SCIENCE WRITER AND EDITOR
A former associate editor at Smithsonian magazine, I have more than a decade of experience covering a wide breadth of science from astronomy to zoology for publications including Slate, Scientific American, Science, Discover, Science News and National Geographic News. Now freelance, my blog Wild Things appears at Science News, and I also regularly edit for Science News for Students and National Geographic News.
Winner of the DCSWA 2010 Science News Brief Award and editor of “Where will lightning strike?” by Stephen Ornes, which received the Gold Award for Children’s Science News in the 2015 AAAS Kavli Science Journalism Awards.
Contributing writer in science, specializing in stories in climate change and Earth and environmental science
SCIENCE NEWS FOR STUDENTS
Regular editor and contributor for a publication aimed at students ages nine through 14
- Chemical behind popcorn’s aroma gives a bearcat its signature scent April 28, 2016Bearcats smell like popcorn. Now scientists now why: The chemical responsible for popcorn’s alluring scent has been found in bearcat pee.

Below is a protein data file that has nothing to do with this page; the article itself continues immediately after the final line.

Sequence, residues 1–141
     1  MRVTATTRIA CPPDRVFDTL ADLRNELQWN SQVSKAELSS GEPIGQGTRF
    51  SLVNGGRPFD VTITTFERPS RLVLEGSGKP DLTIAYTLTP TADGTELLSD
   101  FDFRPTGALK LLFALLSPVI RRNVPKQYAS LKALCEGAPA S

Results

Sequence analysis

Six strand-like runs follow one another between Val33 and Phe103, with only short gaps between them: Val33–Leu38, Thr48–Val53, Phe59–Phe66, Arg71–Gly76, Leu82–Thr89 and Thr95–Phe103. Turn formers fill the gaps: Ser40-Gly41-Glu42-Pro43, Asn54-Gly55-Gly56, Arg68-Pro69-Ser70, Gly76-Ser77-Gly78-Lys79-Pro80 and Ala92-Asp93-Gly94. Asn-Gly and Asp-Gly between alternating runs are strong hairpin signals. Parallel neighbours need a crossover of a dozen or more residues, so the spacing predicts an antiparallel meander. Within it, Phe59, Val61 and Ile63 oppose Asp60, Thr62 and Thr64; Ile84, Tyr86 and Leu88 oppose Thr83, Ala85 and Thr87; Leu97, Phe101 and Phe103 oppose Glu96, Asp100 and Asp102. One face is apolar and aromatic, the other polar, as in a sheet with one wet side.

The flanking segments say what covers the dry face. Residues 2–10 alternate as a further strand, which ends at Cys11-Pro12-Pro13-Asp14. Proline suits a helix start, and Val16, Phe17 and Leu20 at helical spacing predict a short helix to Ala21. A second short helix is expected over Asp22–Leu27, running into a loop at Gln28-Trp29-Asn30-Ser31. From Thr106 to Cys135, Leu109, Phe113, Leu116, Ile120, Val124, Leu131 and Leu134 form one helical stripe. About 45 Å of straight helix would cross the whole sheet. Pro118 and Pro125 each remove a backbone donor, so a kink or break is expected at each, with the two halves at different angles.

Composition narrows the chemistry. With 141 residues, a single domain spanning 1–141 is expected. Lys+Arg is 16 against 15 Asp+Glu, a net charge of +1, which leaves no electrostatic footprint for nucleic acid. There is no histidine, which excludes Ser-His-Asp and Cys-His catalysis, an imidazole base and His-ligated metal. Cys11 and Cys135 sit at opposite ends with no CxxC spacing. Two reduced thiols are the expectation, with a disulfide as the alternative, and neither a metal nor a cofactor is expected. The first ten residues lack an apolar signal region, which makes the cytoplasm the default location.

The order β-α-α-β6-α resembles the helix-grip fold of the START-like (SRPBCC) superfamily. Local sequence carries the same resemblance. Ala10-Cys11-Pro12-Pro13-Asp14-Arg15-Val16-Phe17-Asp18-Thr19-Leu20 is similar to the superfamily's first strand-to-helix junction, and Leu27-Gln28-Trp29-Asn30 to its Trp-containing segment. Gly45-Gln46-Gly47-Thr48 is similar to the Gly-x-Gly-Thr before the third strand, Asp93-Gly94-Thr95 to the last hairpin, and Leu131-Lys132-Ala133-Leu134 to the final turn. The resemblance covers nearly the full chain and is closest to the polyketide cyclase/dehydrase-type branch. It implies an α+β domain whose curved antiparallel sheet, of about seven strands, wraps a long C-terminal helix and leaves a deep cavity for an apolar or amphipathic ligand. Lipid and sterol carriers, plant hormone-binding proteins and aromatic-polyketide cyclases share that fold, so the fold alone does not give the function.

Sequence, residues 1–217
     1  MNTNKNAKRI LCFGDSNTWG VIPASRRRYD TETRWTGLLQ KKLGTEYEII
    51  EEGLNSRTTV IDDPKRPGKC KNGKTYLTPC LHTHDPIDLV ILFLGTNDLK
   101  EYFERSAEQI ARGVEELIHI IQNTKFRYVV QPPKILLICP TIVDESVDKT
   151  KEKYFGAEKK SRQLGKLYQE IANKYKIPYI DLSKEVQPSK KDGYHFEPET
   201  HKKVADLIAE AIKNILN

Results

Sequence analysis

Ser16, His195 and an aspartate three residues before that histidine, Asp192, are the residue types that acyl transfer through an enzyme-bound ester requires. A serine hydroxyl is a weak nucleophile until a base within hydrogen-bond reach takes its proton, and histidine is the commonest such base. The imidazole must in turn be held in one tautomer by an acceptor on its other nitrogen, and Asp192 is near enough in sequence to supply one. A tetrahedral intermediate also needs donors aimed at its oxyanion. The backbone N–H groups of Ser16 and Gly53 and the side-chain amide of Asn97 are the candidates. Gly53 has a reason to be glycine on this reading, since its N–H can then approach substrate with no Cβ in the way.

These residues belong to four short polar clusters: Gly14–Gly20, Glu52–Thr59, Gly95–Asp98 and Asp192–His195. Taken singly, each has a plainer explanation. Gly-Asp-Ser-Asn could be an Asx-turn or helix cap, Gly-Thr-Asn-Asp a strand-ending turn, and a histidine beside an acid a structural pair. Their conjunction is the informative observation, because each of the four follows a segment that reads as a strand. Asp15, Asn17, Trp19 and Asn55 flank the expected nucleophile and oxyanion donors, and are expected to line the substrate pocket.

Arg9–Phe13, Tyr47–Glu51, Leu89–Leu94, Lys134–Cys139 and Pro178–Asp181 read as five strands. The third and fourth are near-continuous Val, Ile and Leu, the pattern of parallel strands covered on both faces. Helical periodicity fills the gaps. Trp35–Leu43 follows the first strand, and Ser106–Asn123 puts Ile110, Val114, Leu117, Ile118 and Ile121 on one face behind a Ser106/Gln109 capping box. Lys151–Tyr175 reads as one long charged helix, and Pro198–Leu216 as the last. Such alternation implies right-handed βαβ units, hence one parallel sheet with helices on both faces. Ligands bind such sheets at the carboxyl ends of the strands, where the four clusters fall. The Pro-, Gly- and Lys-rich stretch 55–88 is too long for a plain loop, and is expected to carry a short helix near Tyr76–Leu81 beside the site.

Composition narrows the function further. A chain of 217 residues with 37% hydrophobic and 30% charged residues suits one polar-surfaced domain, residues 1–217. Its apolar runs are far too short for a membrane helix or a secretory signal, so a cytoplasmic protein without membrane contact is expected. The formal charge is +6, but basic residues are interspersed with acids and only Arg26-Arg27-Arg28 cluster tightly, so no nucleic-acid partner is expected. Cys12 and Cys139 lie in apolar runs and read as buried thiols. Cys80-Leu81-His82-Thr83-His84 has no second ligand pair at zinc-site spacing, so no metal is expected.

- How animal poop could be key in solving echidna mystery April 26, 2016The western long-beaked echidna hasn’t been seen in Australia in 10,000 years. But DNA in scat could reveal its presence.
- Scientists find a crab party deep in the ocean April 18, 2016A trip to check out the biodiversity off the coast of Panama revealed thousands of crabs swarming on the seafloor.
- New species of tumbleweed is just as bad as its parents April 12, 2016Two species of invasive tumbleweeds hybridized into a third. A new study finds it probably will be invasive, too.
- A sperm whale’s head is built for ramming April 8, 2016Computer simulations of a sperm whale’s head show that an organ called the junk may help protect the brain when ramming other whales — or ships.
- Mama birds pay attention to more than chicks’ begging April 6, 2016Whether a mama bird decides to feed her offspring depends on more than just who begs most — her environment is a big factor, a new study finds.
- In the Coral Triangle, clownfish figured out how to share April 1, 2016In the Coral Triangle in Southeast Asia, an area of rich biodiversity, clownfish species often share anemones, a new study finds.
- Why some male hyenas leave and others are content to stay home March 28, 2016Having access to enough females, and a mom to help, can keep a male hyena from leaving his clan.